“A politician who complains about the press is like a ship’s captain complaining about the sea.” Wise words from Winston Churchill who knew a little about politics and the ocean waves. It is unedifying to see political leaders ignoring this advice and lambasting the media – or as they are now sometimes called, ‘the MSM’ (mainstream media) – but is there something in it? Has the media started to forget that it isn’t the story? Is it getting full of its own importance at the expense of the key folk in all this; the audience?
This general election campaign has marked a new low in politician-media relations with a fair share of blame falling to the fourth estate. It has been notable how much swerving politicians have done of the usual election media stops with, for example, both Theresa May and Jeremy Corbyn skipping the Today Programme and Channel Four News. Both have taken to social media to try to get their message out, unfiltered, and both have avoided altogether the former daily ritual of the morning news conference. Why?
The answer is simple; the media is now fighting for its life in a competitive, battle to the death for share of audience and public attention and is so trying harder and harder to itself make the news. The purpose of an election campaign interview should be to mind the people’s business, asking the questions the public want answering to help them make an informed decision about who will get their vote. But the media now – and I know I am generalising when saying “the media” but hopefully you will get the point I am making and there are some exceptions, which I point out – are trying to create big moments; YouTube and Twitter clips that can be played over and over again to drive ratings and click rates. The result is that interviews now are taking on a different purpose – they are now designed to create news not report it – and politicians have wised up to this and are saying a big ‘no thank you’.
The exceptions – the interviewers that give politicians a hard time (which they should) but do it from a position of knowledge and give space for answers and discussion are Andrew Neil (the country’s best political broadcaster by miles) and Emma Barnett from BBC radio. Both are confident enough in their research and their questions to give politicians the space to answer and at times enough rope to do themselves damage without feeling the need to talk, interrupt and grandstand throughout. The same cannot be said – at all – of Paxman, Marr and others. Now a complete parody of themselves. Sadly, even former greats like Michael Crick are falling into the trap of asking questions at events just to get themselves on the news, not to help the audience understand the policy positions and characters on show. They are now in the entertainment business. Last night’s ITV interview with the Prime Minister was a case in point; asking about the naughtiest thing she did as a child. Come on!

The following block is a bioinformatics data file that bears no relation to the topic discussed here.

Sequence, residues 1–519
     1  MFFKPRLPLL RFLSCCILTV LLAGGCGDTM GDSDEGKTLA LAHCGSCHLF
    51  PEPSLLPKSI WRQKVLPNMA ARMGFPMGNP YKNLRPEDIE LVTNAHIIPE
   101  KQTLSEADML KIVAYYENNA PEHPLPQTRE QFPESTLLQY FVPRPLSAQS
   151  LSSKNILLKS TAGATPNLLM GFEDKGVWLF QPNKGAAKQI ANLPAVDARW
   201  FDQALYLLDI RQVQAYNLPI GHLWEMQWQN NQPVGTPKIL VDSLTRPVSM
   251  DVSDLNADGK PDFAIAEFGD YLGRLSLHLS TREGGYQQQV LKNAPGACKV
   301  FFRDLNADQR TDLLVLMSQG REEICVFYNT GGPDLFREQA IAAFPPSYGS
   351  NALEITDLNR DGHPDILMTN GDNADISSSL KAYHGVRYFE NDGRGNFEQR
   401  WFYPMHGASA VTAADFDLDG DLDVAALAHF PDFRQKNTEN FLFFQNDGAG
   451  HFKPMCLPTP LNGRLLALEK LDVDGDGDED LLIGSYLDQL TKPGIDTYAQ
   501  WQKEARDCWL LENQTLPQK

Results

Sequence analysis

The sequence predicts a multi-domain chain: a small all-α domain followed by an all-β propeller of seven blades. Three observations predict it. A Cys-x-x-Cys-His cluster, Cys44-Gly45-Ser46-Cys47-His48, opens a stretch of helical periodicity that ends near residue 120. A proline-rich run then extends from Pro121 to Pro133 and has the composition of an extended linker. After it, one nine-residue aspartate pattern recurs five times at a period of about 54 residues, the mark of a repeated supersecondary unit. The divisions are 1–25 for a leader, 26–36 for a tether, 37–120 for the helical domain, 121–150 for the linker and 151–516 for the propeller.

The print media are different. They have a readership to serve and an editorial position to follow – although some of the coverage of this election, especially of Jeremy Corbyn, has been disgraceful. Personal. Nasty. Deliberately misleading. This does not help our democracy flourish.
I do not subscribe to the Trumpian philosophy that the media is increasingly irrelevant and needs to be finished off. I believe that they play a vital role but only when they remember who they are here to serve; the public, not themselves. The politician now views the media – especially on TV – as part of the enemy and that is not healthy. We don’t want them all sailing in the same direction, sharing cocktails as they view the horizon from the top deck of the ship. We want some challenge and some scrutiny – but we don’t want them so afraid of the unfairness they will be subjected to – the constant attempts to make them look silly – that they stay out of the water completely. If they do, we all lose out.
Whenever I went to a rugby or football match with my mate Luke and the ref was getting too involved he would shout; “We’ve come to watch the players, ref”. Jon Snow and co should take note.